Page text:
Taking advantage of the quick and efficient access of vapor to surfaces, a simple, solvent-free method is demonstrated to synthesize Janus colloidal particles in large quantity and with high efficiency. First, at the liquid-liquid interface of emulsified molten wax and water, untreated silica particles adsorb and are frozen in place when the wax solidifies. The exposed surfaces of the immobilized particles are modified chemically by exposure to silane vapor and, in principle, subsequent dissolution of the wax opens up the inner particle surface for further chemical modification. Applying this scheme, this paper describes the production of amphiphilic Janus particles (hydrophobic on one side, hydrophilic on the other) and dipolar Janus particles (positively charged on one side, negatively charged on the other). Janus geometry is confirmed by fluorescence microscopy and flow cytometry. Amphiphilic Janus particles are found to adsorb strongly to the water-oil interface, whereas dipolar particles assemble into chains in the aqueous phase.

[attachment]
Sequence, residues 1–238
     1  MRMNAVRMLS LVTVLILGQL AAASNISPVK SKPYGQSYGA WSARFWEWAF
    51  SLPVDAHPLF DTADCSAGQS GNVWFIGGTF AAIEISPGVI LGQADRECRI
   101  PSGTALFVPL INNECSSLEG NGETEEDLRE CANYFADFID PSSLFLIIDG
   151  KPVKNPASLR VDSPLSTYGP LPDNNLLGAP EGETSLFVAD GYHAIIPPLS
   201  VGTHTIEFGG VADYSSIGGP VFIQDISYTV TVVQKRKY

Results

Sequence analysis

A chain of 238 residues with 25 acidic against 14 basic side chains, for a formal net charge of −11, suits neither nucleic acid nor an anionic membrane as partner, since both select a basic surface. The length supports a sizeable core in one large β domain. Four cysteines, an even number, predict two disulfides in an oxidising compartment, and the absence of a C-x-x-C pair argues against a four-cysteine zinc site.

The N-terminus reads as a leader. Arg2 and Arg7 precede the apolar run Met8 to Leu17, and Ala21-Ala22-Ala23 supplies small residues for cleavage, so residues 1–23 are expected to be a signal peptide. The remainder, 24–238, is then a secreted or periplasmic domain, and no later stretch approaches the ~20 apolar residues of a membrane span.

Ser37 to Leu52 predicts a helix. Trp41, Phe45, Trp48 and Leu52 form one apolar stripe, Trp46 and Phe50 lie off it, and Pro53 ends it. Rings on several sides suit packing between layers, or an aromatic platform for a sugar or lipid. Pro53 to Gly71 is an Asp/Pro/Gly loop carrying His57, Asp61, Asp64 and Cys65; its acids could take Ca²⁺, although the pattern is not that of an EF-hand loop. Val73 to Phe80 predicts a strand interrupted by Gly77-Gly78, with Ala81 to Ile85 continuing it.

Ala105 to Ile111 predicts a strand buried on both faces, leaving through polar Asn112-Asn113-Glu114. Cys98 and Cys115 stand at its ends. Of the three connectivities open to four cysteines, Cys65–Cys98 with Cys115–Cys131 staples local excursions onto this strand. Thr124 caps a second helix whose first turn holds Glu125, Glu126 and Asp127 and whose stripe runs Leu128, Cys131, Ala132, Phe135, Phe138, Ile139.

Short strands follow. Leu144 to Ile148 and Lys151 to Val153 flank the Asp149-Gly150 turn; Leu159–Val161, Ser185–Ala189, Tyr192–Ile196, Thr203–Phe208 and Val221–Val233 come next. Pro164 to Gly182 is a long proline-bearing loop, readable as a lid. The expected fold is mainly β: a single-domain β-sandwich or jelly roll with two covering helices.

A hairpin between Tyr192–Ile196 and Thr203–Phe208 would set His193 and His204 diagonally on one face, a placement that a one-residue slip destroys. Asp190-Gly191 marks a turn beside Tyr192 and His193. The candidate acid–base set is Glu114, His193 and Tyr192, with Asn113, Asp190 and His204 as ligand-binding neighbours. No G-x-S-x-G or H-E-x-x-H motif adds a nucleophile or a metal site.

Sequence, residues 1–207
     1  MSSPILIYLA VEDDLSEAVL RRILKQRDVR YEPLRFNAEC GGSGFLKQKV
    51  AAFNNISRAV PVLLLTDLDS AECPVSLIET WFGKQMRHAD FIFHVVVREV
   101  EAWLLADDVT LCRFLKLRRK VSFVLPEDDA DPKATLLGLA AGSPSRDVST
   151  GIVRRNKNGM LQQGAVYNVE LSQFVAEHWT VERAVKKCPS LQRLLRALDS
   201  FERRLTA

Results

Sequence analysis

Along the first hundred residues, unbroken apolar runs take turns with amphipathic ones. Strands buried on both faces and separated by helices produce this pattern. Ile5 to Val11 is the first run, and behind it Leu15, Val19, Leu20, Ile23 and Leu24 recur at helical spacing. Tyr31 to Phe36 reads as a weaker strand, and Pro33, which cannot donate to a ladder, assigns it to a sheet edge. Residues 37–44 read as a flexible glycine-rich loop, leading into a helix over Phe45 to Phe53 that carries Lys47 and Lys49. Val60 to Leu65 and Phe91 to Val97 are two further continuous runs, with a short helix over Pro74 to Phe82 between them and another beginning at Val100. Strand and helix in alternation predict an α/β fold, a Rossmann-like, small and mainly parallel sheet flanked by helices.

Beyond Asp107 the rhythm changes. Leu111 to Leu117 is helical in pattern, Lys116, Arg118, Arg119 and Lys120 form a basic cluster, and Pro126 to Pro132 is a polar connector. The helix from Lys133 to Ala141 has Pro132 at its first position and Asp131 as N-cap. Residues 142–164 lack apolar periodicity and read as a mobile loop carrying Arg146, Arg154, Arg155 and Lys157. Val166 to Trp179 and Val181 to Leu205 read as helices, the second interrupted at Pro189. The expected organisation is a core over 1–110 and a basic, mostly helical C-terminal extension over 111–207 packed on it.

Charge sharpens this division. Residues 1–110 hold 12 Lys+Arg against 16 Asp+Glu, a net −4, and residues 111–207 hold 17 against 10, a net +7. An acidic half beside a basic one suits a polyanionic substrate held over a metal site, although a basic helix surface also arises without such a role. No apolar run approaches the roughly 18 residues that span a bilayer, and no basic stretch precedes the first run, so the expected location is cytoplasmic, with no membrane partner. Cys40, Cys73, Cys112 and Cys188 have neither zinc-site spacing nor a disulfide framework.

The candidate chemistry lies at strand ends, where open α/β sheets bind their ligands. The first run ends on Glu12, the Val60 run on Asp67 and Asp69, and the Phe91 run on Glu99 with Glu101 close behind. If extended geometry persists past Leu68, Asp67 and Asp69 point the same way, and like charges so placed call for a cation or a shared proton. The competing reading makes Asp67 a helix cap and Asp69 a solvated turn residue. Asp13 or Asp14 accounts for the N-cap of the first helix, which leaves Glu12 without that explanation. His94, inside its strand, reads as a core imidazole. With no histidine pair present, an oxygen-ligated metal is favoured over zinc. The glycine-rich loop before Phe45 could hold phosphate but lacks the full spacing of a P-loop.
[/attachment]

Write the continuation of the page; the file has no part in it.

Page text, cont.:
|Original language||English (US)|
|Number of pages||5|
|State||Published - Sep 16 2008|
ASJC Scopus subject areas
- Materials Science(all)
- Condensed Matter Physics
- Surfaces and Interfaces